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Betty Woodman, Pathbreaking Ceramicist, Dies at 87

Though she trained as a craftsperson, Woodman quickly outgrew the conventions of craft and began making powerful, unclassifiable work.

Portrait of Betty Woodman (photo by Stefano Porcinai, courtesy Salon 94)
Portrait of Betty Woodman (photo by Stefano Porcinai, courtesy Salon 94)

Betty Woodman, a ceramicist known for helping to spur the contemporary art world’s renewed interest in clay, died today at age 87. Her New York gallery, Salon 94, confirmed her death.

Betty Woodman, "Silk Pillow Pitcher" (1985), hand-thrown and assembled white earthenware with majolica glazes, 24 x 22 x 17 in (courtesy Salon 94)
Betty Woodman, “Silk Pillow Pitcher” (1985), hand-thrown and assembled white earthenware with majolica glazes, 24 x 22 x 17 in (photo by John Polak photography, courtesy Ferrin Contemporary)

“It is with great sadness that we announce the death of artist and friend, Betty Woodman,” Salon 94 said in a statement. “Our heartfelt condolences go out to her son Charles Woodman, her daughter-in-law, Andrea Torrice, her grandson, Alexander Woodman.”

Though widely celebrated in her own right — Woodman was the first living female artist to have a retrospective at the Metropolitan Museum of Art, in 2006 — she was also famous for being the matriarch of a family of famous artists, along with her husband George Woodman (who died last year), their daughter Francesca Woodman (who committed suicide at age 22 in 1981), and son Charles Woodman. The family was the subject of the 2010 documentary The Woodmans.

Betty Woodman, "Balustrade Relief Vase" (1995–99), bronze, patina, 105 x 125 x 9 in (courtesy Salon 94, New York)
Betty Woodman, “Balustrade Relief Vase” (1995–99), bronze, patina, 105 x 125 x 9 in (courtesy Salon 94, New York)

Woodman, who was born in Norwalk, Connecticut, in 1930, enrolled at the School for American Craftsmen at Alfred University in 1948.

“I started off wanting to be a production potter, wanting to make functional pieces, and wanting in some way to serve society by making beautiful things for people to use; I felt that this was very, very important,” Woodman told the American Craft Council in an interview in 2014, the same year she received its Gold Medal for Consummate Craftsmanship. “I still feel it’s important, but somehow my work sort of moved along, and I moved away from that.”

Betty Woodman, "Balustrade Relief Vase 91" (1995), glazed earthenware, epoxy resin, laquer, 46 x 50 x 10 in (courtesy Salon 94, New York)
Betty Woodman, “Balustrade Relief Vase 91” (1995), glazed earthenware, epoxy resin, laquer, 46 x 50 x 10 in (courtesy Salon 94, New York)

After graduating, she primarily made functional pottery and decorative objects. In 1953, she married George Woodman. As the decade wore on, she began to make ceramic sculptures that departed radically from the conventions of craft, and met resistance because of it.

“I think it’s partly because people sometimes don’t know how to define my work, or where it fits into art history,” Woodman told the Guardian in 2016, on the occasion of her solo show at the Institute of Contemporary Art in London. “When I started out, ceramics was not even a material you made art out of. People might have liked what I was doing, responded to it, bought it, eaten off of it, but it had nothing to do with being an artist — it was about being a craftsman.”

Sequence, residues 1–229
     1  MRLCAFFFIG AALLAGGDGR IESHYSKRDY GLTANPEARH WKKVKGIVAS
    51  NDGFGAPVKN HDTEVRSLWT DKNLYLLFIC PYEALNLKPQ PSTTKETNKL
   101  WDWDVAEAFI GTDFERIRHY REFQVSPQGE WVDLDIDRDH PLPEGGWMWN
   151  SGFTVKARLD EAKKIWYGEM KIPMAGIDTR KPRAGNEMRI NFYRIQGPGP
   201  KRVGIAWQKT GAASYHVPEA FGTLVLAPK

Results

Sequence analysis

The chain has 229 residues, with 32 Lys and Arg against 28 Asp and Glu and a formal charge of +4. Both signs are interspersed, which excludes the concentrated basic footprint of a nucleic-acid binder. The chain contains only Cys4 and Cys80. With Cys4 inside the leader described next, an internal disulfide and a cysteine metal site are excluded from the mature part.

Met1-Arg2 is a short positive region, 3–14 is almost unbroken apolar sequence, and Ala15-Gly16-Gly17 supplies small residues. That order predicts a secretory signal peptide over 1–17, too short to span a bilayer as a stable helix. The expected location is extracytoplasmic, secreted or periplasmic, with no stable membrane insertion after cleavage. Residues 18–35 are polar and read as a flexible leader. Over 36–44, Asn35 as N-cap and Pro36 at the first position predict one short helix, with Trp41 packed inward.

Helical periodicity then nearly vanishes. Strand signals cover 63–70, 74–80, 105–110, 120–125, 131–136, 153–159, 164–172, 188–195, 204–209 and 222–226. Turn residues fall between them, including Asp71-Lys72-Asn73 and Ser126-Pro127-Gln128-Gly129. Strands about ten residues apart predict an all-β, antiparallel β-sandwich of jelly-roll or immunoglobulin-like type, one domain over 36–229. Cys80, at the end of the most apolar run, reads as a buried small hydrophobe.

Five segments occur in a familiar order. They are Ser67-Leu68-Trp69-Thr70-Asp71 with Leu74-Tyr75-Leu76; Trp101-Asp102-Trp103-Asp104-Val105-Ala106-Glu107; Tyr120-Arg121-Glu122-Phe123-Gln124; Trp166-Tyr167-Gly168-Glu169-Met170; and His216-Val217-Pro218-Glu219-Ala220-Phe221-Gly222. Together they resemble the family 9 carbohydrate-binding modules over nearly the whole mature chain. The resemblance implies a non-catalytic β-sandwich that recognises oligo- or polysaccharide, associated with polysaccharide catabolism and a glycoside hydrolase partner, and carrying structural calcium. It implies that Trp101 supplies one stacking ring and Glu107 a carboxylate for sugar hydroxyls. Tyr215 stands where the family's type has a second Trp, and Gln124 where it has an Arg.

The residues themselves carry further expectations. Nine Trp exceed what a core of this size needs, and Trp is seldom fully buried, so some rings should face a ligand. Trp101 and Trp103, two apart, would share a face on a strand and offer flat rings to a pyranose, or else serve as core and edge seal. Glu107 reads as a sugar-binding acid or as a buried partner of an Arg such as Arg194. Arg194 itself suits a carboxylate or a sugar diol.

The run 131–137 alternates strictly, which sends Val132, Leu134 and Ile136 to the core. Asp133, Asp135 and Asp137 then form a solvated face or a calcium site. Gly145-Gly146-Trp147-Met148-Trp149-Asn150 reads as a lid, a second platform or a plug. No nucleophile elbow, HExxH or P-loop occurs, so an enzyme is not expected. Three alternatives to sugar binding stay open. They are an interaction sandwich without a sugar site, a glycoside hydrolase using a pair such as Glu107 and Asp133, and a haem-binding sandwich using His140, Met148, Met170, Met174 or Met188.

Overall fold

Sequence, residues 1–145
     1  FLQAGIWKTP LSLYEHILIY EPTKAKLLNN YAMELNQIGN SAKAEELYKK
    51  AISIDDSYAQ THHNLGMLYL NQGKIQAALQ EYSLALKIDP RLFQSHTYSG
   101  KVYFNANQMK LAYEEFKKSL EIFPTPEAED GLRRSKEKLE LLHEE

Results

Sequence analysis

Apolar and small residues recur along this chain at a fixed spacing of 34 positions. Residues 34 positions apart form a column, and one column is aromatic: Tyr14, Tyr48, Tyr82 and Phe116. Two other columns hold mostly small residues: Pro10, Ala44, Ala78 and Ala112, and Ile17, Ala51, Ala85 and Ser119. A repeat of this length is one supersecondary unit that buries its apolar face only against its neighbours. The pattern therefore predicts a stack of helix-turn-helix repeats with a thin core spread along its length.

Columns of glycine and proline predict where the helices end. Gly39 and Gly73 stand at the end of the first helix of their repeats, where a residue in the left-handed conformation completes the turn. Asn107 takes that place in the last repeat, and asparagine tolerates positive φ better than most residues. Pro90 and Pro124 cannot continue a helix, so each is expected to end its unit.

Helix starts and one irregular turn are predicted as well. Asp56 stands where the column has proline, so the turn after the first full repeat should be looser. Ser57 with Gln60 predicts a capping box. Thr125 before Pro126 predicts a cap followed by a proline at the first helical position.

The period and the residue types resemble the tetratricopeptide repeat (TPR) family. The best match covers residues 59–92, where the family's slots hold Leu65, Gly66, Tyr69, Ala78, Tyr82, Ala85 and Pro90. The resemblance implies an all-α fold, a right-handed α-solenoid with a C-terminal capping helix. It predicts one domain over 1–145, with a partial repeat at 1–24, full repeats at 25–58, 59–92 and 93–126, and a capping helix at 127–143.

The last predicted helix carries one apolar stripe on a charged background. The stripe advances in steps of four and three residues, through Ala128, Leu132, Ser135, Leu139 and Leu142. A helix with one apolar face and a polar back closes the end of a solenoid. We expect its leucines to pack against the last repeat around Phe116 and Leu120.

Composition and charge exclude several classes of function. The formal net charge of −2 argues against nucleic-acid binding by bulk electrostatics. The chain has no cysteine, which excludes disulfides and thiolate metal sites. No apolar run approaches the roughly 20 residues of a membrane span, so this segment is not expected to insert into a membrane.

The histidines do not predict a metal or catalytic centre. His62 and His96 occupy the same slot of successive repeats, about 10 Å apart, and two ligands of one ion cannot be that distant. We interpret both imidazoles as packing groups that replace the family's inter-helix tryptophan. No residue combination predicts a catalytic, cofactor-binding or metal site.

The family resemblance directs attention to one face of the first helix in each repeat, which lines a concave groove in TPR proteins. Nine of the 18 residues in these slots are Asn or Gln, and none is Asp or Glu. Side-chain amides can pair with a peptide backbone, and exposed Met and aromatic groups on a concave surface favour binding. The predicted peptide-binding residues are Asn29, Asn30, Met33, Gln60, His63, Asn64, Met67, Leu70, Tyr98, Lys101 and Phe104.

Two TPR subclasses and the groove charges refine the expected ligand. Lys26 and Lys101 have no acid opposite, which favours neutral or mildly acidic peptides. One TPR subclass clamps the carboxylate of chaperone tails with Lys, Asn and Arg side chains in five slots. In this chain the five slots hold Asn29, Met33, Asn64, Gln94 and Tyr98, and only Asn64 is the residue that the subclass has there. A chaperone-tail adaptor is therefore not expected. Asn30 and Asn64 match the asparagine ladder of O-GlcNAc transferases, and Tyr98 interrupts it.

Betty Woodman's installation “Balustrade” (1993) at Denver International Airport (courtesy Denver International Airport)
Betty Woodman’s installation “Balustrade” (1993) at Denver International Airport (courtesy Denver International Airport)

Though she started to gain recognition and have solo exhibitions in the 1970s, they were often at institutions and galleries showcasing craft art, including the Contemporary Crafts Gallery in Portland, Oregon (1975), and the Clay and Fiber Gallery in Taos, New Mexico (in 1976). In the ’80s and ’90s, her work achieved more widespread recognition, thanks in part to her New York gallery of the time, Max Protetch, resulting in major exhibitions at the Fabric Workshop in Philadelphia (in 1985), the Wadsworth Atheneum in Hartford, Connecticut (in 1992), and the Stedelijk Museum in Amsterdam (in 1996).

“The centrality of the vase in my work is certainly a reference to a global perspective on art history and production,” she said on the occasion of an exhibition of her work at the Montclair Art Museum in 2002. “The vase motif connects what I do to all aspects of art. I can mix the motifs of a classic Greek vase on one side of a triptych with the details of a Japanese print on the other all conveyed with a palette based on the hues of a recollected Hindu temple.”

Betty Woodman, "Ceramic Pictures of Korean Paintings" (2001/02), glazed earthenware, clay, canvas 37 1/2 x 10 x 1 feet (courtesy Salon 94)
Betty Woodman, “Ceramic Pictures of Korean Paintings” (2001/02), glazed earthenware, clay, canvas 37 1/2 x 10 x 1 feet (courtesy Salon 94)

Over the decades, her work expanded beyond ceramic sculptures to incorporate textiles, installations, paintings, and more. In recent years she also blurred distinctions between media, from ceramic wall installations meant to evoke wallpaper to still life paintings incorporating bas relief clay sculpture. No matter her choice of material or format, though, she always engaged with the histories of art and decorative arts, reinterpreting and transforming traditional motifs and symbols to create playful and colorful reinterpretations.

“I was always interested in my work being seen in a broader context, to be displayed in museums, not shut away in cluttered cupboards,” Woodman told the Guardian in 2016. “And though it’s taken me a long time, with these recent works, these paintings, I’m really putting it out there.”

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